The New York Times recently published an article about the various ways people are using the web for retirement planning. More and more companies are trying to find solutions to help people with less than $500k in assets manage money in a similar fashion to large pension funds.
At Rockbridge, we have cost effectively been doing this for 20 years, with real service, and not just software. We are also able to provide judgment and credibility that the online platforms are still lacking. With financial decisions, a face-to-face personal interaction cannot be overlooked!
As we start a new year filled with promise, I would like to share our story with you. We view Rockbridge Investment Management as a community of talented professionals and clients who value our services. Working together with our clients we hope to fulfill our collective goals of financial independence and well being.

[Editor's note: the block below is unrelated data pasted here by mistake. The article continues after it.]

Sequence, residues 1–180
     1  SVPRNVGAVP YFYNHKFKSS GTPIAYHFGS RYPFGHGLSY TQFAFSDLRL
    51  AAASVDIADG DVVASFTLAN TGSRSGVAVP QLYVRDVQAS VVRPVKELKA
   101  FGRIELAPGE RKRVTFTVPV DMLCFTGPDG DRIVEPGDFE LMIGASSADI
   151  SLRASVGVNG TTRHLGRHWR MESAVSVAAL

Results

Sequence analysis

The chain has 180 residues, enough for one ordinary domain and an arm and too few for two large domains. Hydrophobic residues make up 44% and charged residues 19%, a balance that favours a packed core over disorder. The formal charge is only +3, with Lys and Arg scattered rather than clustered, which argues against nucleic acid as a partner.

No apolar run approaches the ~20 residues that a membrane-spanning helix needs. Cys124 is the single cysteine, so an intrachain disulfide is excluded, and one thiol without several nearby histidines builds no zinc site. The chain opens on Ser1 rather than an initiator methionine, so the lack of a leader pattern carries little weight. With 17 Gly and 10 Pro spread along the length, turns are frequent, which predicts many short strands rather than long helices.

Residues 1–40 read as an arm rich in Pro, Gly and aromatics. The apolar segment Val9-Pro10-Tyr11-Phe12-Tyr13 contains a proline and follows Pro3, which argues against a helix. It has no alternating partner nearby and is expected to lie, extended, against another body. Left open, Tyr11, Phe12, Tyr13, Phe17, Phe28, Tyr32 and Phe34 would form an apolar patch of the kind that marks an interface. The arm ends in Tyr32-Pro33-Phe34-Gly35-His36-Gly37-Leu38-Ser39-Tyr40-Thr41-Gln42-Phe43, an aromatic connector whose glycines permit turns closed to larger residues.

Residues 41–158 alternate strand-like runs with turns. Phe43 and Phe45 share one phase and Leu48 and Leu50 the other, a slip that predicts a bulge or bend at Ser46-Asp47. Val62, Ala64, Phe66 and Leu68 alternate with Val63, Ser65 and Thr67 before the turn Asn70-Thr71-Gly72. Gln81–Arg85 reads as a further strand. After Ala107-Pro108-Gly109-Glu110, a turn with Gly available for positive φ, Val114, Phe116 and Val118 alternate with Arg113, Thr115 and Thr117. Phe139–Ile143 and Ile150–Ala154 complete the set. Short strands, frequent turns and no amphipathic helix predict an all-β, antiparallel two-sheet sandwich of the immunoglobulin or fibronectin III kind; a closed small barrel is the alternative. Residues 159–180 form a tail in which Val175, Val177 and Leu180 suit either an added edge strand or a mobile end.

Our Vision Our vision continues to be the foundation of our success:
Rockbridge Investment Management is a group of like-minded professionals working with a select group of clients with whom we can have a significant impact. Everything we do is focused on building and preserving wealth for our clients. We help remove complexity so clients can focus on the simple but often difficult process of successful investing.
Firm Growth Our growth over the past three years has been steady and significant. At the end of 2009 we served 457 clients. Today we have 562 clients and an annualized growth rate of 8% per year. The leadership team is committed to growing the firm by adding professionals who are passionate about our philosophy and vision. We want the firm to endure for the long run and we have the capacity for steady growth. Our succession plan is designed to include our younger advisors in the ownership of the firm over time.